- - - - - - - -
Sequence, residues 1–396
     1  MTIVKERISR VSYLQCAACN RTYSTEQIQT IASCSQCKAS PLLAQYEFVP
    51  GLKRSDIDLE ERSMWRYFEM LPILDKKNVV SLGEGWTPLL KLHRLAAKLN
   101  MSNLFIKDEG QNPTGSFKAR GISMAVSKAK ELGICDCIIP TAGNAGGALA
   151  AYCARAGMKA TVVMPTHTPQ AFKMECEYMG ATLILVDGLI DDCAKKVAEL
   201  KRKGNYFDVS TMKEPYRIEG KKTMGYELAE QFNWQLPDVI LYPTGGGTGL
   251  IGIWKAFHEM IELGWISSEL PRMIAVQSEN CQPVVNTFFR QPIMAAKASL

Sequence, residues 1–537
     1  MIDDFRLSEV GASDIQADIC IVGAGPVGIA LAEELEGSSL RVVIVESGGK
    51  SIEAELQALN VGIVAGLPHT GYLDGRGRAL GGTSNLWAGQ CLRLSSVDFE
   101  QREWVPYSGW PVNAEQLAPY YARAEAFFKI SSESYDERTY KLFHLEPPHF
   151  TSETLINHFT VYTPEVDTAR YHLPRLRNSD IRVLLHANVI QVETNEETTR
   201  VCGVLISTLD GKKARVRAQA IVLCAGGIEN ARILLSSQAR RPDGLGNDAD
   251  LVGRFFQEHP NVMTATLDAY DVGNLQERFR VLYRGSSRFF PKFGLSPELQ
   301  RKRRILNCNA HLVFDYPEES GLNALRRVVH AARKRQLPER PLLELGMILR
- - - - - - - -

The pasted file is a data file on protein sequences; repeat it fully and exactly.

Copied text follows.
Sequence, residues 1–396
     1  MTIVKERISR VSYLQCAACN RTYSTEQIQT IASCSQCKAS PLLAQYEFVP
    51  GLKRSDIDLE ERSMWRYFEM LPILDKKNVV SLGEGWTPLL KLHRLAAKLN
   101  MSNLFIKDEG QNPTGSFKAR GISMAVSKAK ELGICDCIIP TAGNAGGALA
   151  AYCARAGMKA TVVMPTHTPQ AFKMECEYMG ATLILVDGLI DDCAKKVAEL
   201  KRKGNYFDVS TMKEPYRIEG KKTMGYELAE QFNWQLPDVI LYPTGGGTGL
   251  IGIWKAFHEM IELGWISSEL PRMIAVQSEN CQPVVNTFFR QPIMAAKASL

Sequence, residues 1–537
     1  MIDDFRLSEV GASDIQADIC IVGAGPVGIA LAEELEGSSL RVVIVESGGK
    51  SIEAELQALN VGIVAGLPHT GYLDGRGRAL GGTSNLWAGQ CLRLSSVDFE
   101  QREWVPYSGW PVNAEQLAPY YARAEAFFKI SSESYDERTY KLFHLEPPHF
   151  TSETLINHFT VYTPEVDTAR YHLPRLRNSD IRVLLHANVI QVETNEETTR
   201  VCGVLISTLD GKKARVRAQA IVLCAGGIEN ARILLSSQAR RPDGLGNDAD
   251  LVGRFFQEHP NVMTATLDAY DVGNLQERFR VLYRGSSRFF PKFGLSPELQ
   301  RKRRILNCNA HLVFDYPEES GLNALRRVVH AARKRQLPER PLLELGMILR